Everest’s Sherpas by the Numbers

The Mount Everest avalanche that killed 13 mountain guides Friday may have an upside for the Sherpas who make their living guiding foreign trekkers up the world’s tallest peak: A better safety net. Following the tragedy, the Sherpas are threatening a total boycott — unless the government provides better insurance compensation and more emergency aid ...

TSHERING SHERPA/AFP/Getty Images; Ed Johnson/Foreign Policy
TSHERING SHERPA/AFP/Getty Images; Ed Johnson/Foreign Policy
TSHERING SHERPA/AFP/Getty Images; Ed Johnson/Foreign Policy

The Mount Everest avalanche that killed 13 mountain guides Friday may have an upside for the Sherpas who make their living guiding foreign trekkers up the world's tallest peak: A better safety net. Following the tragedy, the Sherpas are threatening a total boycott -- unless the government provides better insurance compensation and more emergency aid for guides.

Friday's avalanche hit a group of 50 climbers -- mostly Nepalese Sherpas -- as they were preparing camps along one route, in advance of the climbing season. It's the worst accident on Everest since 1996, when eight climbers disappeared into a storm. According to data compiled by Himalayan Database, a group that tracks mountaneering in the region, 87 Sherpas died on Everest between 1924 and 2013. Add the 13 fatalities from over the weekend and that number jumps to 100.

The graph below tracks those deaths up to 2013, when Sherpa fatalities spiked. 

The Mount Everest avalanche that killed 13 mountain guides Friday may have an upside for the Sherpas who make their living guiding foreign trekkers up the world’s tallest peak: A better safety net. Following the tragedy, the Sherpas are threatening a total boycott — unless the government provides better insurance compensation and more emergency aid for guides.

Friday’s avalanche hit a group of 50 climbers — mostly Nepalese Sherpas — as they were preparing camps along one route, in advance of the climbing season. It’s the worst accident on Everest since 1996, when eight climbers disappeared into a storm. According to data compiled by Himalayan Database, a group that tracks mountaneering in the region, 87 Sherpas died on Everest between 1924 and 2013. Add the 13 fatalities from over the weekend and that number jumps to 100.

The graph below tracks those deaths up to 2013, when Sherpa fatalities spiked.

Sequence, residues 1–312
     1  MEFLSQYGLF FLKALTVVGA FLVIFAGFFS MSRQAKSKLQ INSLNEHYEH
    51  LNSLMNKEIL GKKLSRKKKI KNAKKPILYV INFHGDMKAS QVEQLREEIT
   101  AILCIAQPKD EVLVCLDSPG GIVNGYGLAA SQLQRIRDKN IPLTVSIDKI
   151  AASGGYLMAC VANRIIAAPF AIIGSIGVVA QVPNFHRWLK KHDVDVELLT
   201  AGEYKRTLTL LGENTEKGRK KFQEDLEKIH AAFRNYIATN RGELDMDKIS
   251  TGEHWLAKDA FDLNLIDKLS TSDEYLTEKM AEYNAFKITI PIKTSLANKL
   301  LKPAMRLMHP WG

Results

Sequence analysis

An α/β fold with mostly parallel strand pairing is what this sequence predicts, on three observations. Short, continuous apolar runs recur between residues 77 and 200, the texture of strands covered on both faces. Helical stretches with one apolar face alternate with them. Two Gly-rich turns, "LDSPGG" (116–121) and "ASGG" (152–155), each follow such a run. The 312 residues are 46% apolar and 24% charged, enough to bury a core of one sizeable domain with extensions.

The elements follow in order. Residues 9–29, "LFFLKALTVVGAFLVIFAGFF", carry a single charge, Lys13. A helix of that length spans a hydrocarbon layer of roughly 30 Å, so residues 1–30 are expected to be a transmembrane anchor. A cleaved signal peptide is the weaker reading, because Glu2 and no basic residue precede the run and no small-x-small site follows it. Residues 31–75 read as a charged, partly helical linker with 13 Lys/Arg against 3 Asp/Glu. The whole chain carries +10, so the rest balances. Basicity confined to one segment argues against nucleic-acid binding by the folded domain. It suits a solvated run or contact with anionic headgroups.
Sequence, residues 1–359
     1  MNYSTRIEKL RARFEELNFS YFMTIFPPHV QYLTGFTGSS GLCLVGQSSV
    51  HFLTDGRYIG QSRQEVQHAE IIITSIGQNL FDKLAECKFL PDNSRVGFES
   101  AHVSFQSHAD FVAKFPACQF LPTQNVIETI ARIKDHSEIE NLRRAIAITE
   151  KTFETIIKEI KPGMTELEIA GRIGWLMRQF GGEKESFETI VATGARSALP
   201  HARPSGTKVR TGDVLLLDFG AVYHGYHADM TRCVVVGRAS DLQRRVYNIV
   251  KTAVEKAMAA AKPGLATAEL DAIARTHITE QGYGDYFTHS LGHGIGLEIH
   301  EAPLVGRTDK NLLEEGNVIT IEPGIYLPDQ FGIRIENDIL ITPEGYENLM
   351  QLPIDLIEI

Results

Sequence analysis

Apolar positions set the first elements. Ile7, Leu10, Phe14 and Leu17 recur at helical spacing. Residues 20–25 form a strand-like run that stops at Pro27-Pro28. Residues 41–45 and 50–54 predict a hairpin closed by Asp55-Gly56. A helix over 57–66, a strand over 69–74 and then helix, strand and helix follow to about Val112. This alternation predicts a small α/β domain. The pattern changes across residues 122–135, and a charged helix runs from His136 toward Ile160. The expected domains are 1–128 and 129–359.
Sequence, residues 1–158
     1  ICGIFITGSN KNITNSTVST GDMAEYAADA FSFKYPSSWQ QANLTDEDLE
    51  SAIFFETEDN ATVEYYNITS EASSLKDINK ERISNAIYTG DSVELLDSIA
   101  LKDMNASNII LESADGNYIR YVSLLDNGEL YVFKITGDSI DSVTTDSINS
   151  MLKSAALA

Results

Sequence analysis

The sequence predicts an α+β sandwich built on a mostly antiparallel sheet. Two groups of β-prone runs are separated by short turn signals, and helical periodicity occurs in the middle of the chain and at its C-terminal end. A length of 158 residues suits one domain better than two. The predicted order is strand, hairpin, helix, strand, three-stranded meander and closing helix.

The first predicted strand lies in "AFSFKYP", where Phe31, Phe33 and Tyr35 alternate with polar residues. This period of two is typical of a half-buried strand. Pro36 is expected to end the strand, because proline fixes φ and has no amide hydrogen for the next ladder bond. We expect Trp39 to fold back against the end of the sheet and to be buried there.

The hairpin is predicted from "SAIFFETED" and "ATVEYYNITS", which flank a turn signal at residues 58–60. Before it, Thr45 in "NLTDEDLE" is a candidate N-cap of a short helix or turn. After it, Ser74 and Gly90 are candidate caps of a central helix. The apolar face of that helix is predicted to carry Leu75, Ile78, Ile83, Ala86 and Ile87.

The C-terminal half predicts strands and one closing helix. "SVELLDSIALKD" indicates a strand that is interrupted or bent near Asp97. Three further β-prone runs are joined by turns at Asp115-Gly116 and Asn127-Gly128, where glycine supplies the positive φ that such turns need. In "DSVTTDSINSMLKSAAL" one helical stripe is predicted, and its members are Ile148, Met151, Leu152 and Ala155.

Of those, more than two thirds perished while preparing climbing routes for paying mountaineers.

The job is risky. Sherpas handle everything from repairing ropes and ladders ahead of paying climbers, to cooking meals and hauling heavy equipment during the ascent. While the job pays comparably well with other jobs in Nepal, the pay is paltry given the risks involved with each ascent. A Sherpa can take home up to $6,000 per climbing season, compared to Nepal’s per capita income of $700.

This spring, more than 300 foreign climbers are scheduled to ascend Everest, virtually all of them with the help of Sherpas. But their plans may be waylaid by the unrest surrounding this latest tragedy. Shortly after the avalanche, Nepal’s government offered the families of the deceased a paltry $415 of emergency aid to help cover funeral costs. And while the families can eventually expect another $10,300 in accident and compensation insurance, the Sherpas say it isn’t enough. They argue that they bear most of the risk for foreign expeditions and want a minimum of $20,800 for each death on the mountain.

They have a point. Nepal’s government makes upwards of $3 million a year just on royalties alone, according to CNN, while foreign climbers can spend a small fortune in a single attempt to reach Everest’s Summit. A mountaineering permit alone costs $25,000, while a permit for a team of two is $70,000. Add to those figures the cost of equipment, transport, guides, and other support, and the total cost of a single expedition can run up to $100,000 a person. And while Sherpas make considerably more than the average Nepalese worker, their earnings are a drop in the bucket for an expanding industry that depends utterly on their labor.

Catherine A. Traywick is a fellow at Foreign Policy.

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